Hopefully, in the end, good science will prevail, and a new better solution will be proposed to combat the ecological imbalances that may be plaguing Florida's Everglades. Until then, it is my hope that public education efforts will go a long way into creating a well informed community that will see through the fear-mongering and encourage law makers to make the right decisions.

Please, write your senators and representatives and encourage them to oppose s373 and hr2811, "The Python Ban".

Tuesday, February 9, 2010

Reptile and Bug Lovers Convene in Concord, Ca

The California Reptile & Invertebrate Society (CRIS) will be holding its first public meeting in Concord on Saturday, February 20, 2010. One of the many rewards of belonging to, and helping organize this club, is the variety of reptile and invertebrate lovers I get to meet. My favorite thing about it is gathering with members for activities and events, like this upcoming meeting. Present will be individuals including keepers, field herpers, bug hobbyists, and members of other herpetological societies and groups; all uniting in one place to be among others who share their affinity for a group of often misunderstood creatures. In addition to being among like-minds, CRIS members are excited to be sharing these exotic snakes, lizards, tarantulas, scorpions, geckos, tortoises, and other animals, with the public.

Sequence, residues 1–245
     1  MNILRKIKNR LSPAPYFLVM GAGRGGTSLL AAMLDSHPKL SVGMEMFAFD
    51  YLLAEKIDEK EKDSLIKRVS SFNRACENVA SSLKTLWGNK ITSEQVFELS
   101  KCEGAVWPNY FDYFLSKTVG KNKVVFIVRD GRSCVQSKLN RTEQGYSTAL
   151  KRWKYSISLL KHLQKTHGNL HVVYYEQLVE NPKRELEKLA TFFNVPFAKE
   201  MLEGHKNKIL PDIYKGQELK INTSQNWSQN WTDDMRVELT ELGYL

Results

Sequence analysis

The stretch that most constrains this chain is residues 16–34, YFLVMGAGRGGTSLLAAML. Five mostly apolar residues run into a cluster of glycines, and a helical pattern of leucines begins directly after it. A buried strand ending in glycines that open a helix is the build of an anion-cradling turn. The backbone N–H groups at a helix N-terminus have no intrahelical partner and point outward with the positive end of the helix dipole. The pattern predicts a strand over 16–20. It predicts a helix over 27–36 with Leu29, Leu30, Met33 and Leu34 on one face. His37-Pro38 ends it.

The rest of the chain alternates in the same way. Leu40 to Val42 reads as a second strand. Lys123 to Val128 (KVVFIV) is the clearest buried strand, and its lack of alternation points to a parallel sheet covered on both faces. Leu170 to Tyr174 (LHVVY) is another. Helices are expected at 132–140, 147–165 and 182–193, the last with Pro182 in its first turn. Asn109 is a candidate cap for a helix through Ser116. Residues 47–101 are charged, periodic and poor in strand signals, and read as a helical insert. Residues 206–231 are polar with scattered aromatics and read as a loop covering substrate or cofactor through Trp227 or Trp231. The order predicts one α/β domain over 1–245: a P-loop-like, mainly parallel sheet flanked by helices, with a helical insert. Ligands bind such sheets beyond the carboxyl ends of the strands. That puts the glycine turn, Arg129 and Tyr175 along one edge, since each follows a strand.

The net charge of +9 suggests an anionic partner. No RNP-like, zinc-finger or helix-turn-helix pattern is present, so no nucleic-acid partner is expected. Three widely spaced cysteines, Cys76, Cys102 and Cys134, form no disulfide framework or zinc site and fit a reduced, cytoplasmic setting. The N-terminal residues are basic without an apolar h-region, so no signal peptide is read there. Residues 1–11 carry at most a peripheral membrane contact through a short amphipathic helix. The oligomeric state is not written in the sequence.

We will be pleased to have, with us, experts and hobbyists answering questions and sharing their knowledge with members of the community who attend this event.